Apparently this is how Ghana has been labelled, and having now spent time there I can understand this sentiment. English speaking, regular transportation and tourism savviness makes Ghana a good introduction to West Africa.
Religion is paramount to life here, and plays an enormous role in everyday existence. Most shops have wonderfully religious titles such as “Hallelujah Welders”, “Praise Be Hairdressers” and “Peace Be With You Ladies Fashion”.
One night when I was having street food in Accra I was asked by a fellow diner what my religion was, my answer clearly didn’t suffice so he then offered a string of biblical quotations as encouragement. So ingrained is Christianity* into the lives of Ghanaians that this ability to quote verses from the bible is widespread amongst the population.
I could write several paragraphs about the embracing of religion in Ghana, but I will just mention their view on death. I visited an interesting carpentry workshop who specialise in building personalised coffins. In an upbeat way relatives of the deceased select an important factor in their loved ones lives and the carpenters magically create it as a coffin. The examples on display included a spider, a capsicum, a video camera and my personal favourite – a bottle of talcum powder.
On a more sobering topic, sporting 37 forts on a 500km stretch of coast line Ghana was the key departure point for the most significant human migration ever
recorded – the slave trade. It is unclear exactly how many millions of men, women and children were shackled together, and led through the door of no return to the waiting ships. Taken from their homeland, their families and their existence they exited Ghana through this narrow doorway into a life of slavery in the Americas. A very poignant place to visit.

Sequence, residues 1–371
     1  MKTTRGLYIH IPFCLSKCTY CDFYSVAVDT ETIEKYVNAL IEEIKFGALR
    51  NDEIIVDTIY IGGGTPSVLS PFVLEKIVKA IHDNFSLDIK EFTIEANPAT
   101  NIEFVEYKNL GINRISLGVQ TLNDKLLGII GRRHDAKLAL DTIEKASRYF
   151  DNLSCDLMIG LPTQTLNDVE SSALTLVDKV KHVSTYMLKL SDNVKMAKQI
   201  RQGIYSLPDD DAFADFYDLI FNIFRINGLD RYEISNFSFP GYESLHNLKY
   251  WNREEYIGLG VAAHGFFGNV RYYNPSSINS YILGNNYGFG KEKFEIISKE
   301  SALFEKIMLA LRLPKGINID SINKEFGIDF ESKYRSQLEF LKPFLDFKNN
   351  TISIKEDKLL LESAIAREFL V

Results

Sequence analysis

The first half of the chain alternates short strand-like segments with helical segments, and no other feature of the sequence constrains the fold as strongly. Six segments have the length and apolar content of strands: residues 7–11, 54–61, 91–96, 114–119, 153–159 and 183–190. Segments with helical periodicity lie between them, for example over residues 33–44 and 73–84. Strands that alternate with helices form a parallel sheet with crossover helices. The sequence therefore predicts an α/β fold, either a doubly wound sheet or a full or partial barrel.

There are some other interesting and definitely more cheerful things I want to mention about Ghana. Sounds good I hear you cry.
- People are often called by the day of the week on which they were born, with different conventions for male and female. The most famous example of this being Kofi (Friday) Annan, former Secretary-General of the United Nations.
- A sign of respect is shown through shaking hands – but not your standard handshake. This is a special handshake that upon exiting you click your fingers, it’s quite hard to describe in words. But this manoeuvre takes skill, and I often felt like my fingers were going to break such was the force on my fingertips. One to practice for next time I think!
- I was there a few days after the 2016 General Election, which saw a change in Presidential power. The election passed peacefully and the subsequent Presidential handover went smoothly. As a nation such pride was taken in this process and billboards across Accra declared the Election as another triumphant success for Ghana.
- This is a country of typically happy and friendly people. Everyone wants to stop and chat, give you directions or make sure you alight from the bus at the correct location.
- Almost every second shop is a hairdressers. Women pride themselves on their appearance, and have the most creative large hairstyles. They are also comfortable, and I think even proud, to be seen in the streets with hair curlers in.
*there are also many Muslims living in Ghana, but Christianity is the religion of the majority.